Firstly, one obtains the capability to maintain a fixed heading. Experience shows that on a long and often uneven pass maintaining a fixed heading implies constant and progressive correction as soon as the vehicle departs from the desired heading, as the vehicle, especially an agricultural machine such as tractor fitted with instruments for working the soil or treating plants, is subject to yawing from time to time due for example to a wheel dropping into a furrow or hitting a large stone, or to driving on muddy ground. It is clear that it is particularly important in the case of an agricultural tractor, among others, to maintain the machine on the desired pathn so as to avoid encroaching on the previous pass which could have serious consequences, for example if a spray device is towed behind the tractor in which case that could give rise to overlapping and burning of the plants which have had a doubled treatment or in the case of the opposite deviation total absence of treatment in the resulting gap.
Other features and advantages of the invention will appear from the following description, given by way of example with reference to the accompanying drawings, in which:
FIG. 1 is a general diagrammatic view of guidance apparatus in accordance with a particular embodiment of the invention;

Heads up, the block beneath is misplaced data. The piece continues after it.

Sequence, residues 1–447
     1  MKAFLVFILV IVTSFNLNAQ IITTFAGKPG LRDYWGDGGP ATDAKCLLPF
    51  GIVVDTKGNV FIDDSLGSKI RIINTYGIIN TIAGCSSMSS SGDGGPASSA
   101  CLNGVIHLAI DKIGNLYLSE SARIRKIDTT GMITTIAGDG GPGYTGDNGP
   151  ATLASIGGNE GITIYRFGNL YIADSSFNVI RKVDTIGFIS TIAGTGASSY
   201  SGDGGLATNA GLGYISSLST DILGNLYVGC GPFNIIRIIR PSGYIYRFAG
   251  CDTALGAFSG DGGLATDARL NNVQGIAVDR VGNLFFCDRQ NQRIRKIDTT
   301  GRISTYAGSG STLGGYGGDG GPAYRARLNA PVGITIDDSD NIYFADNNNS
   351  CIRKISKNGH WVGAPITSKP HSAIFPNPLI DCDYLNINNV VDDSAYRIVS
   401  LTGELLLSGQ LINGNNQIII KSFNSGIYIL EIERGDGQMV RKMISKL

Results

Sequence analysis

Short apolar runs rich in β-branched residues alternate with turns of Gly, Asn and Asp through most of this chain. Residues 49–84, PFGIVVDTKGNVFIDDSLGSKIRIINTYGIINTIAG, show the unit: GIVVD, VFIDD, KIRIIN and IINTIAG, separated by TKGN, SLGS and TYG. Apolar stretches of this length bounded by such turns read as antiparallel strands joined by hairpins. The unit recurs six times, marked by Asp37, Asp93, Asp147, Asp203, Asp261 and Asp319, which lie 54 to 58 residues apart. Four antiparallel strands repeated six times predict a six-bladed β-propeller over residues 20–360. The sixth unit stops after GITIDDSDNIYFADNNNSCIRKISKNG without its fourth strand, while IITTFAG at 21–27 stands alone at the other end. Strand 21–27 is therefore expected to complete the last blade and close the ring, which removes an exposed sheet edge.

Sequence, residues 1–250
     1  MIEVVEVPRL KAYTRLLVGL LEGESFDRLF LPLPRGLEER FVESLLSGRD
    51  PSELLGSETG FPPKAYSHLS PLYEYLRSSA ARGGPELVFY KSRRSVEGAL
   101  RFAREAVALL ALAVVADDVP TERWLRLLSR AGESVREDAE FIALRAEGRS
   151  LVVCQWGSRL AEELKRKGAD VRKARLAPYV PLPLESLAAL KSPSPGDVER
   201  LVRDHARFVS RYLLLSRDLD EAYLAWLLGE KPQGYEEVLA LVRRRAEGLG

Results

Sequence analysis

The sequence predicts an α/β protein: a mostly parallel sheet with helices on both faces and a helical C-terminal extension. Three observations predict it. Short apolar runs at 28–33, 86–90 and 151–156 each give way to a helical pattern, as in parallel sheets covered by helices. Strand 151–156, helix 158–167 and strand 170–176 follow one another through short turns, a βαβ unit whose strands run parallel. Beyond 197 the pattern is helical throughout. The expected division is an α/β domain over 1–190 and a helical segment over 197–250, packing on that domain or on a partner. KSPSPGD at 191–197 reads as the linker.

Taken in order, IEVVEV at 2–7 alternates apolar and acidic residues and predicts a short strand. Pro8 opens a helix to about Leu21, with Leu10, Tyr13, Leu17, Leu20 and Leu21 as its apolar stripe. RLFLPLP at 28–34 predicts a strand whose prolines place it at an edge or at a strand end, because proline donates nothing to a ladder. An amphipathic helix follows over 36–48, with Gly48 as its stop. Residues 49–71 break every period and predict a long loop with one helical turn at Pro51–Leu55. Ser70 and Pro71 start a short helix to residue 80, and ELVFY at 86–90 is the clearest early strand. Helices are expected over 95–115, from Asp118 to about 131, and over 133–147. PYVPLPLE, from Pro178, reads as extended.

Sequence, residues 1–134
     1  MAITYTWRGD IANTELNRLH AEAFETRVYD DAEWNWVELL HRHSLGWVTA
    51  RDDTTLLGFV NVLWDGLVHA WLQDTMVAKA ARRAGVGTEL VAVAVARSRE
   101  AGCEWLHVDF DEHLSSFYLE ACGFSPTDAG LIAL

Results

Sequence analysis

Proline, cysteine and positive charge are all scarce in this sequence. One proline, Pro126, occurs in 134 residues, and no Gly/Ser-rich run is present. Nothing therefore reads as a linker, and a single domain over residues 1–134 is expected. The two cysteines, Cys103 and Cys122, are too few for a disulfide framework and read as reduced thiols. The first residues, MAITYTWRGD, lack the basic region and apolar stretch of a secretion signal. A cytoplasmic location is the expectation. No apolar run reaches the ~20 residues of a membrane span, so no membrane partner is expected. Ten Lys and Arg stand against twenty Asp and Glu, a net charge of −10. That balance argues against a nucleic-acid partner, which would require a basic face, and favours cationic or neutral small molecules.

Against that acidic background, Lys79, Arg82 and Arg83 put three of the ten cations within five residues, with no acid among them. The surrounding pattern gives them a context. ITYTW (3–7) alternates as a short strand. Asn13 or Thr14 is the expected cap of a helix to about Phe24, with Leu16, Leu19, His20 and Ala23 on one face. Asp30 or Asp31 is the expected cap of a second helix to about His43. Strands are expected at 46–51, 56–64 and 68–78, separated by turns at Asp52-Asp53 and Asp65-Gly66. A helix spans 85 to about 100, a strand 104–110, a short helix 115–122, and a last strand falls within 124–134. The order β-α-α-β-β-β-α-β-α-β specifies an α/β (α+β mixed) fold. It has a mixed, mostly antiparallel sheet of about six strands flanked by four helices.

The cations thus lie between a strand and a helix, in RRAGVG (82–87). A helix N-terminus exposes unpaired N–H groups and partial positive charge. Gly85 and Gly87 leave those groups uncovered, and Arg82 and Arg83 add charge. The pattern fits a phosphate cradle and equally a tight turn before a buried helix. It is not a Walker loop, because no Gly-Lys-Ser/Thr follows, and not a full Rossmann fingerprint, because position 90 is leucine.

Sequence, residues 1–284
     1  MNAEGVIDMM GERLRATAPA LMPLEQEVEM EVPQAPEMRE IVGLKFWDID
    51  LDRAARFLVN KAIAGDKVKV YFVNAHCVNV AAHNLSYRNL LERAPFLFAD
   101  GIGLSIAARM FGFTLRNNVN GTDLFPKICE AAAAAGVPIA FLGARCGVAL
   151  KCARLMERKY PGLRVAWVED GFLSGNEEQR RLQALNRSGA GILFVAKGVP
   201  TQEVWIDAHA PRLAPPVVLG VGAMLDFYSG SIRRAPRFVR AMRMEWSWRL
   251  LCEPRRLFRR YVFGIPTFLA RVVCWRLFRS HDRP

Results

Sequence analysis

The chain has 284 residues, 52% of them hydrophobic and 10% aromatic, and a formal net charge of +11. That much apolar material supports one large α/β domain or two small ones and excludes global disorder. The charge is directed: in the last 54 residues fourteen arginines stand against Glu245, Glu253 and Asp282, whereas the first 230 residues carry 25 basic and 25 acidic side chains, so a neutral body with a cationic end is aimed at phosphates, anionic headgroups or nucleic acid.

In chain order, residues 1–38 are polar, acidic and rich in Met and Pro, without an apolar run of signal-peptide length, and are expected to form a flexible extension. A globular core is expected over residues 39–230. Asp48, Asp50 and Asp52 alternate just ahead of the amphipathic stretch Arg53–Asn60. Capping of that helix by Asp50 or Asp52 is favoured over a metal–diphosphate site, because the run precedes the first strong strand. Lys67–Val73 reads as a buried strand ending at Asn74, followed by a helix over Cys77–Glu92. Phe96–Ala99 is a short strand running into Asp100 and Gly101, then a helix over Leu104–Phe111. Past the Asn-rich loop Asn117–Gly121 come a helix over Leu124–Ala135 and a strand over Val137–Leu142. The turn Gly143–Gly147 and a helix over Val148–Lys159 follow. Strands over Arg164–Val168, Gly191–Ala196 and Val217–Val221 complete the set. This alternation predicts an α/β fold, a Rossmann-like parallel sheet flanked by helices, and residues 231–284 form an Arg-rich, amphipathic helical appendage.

FIG. 2 of a view illustrating an example of multiple outward and return traces produced using this apparatus;
FIG. 3 is a view illustrating a particular operational phase of this apparatus and showing the path taken to "recentre" onto a straight line;
FIG. 4 is a similar view illustrating another operational phase, corresponding to a "u"-return between two straight line tracks; and
FIG. 5 is a view illustrating the performance of such a "u"-turn, in relation to the display device for such a "u"-turn.
The guidance apparatus illustrated is designed to be fitted on an agricultural vehicle, such as a tractor fitted with one or more instruments for working the ground or treating plants, and of which only the steering wheel 1 and one pair of steerable wheels 2 are shown. The steerable wheels are coupled by a steering mechanism comprising on one hand for each wheel, an angle steering arm 3 whose angle 4 is mounted pivotingly on the chassis 5 of the tractor and on the other hand, a transverse track link rod 6 which is movable solidly with the piston rod of a piston-and-cylinder control device 7 of which the cylinder is mounted on the chassis 5.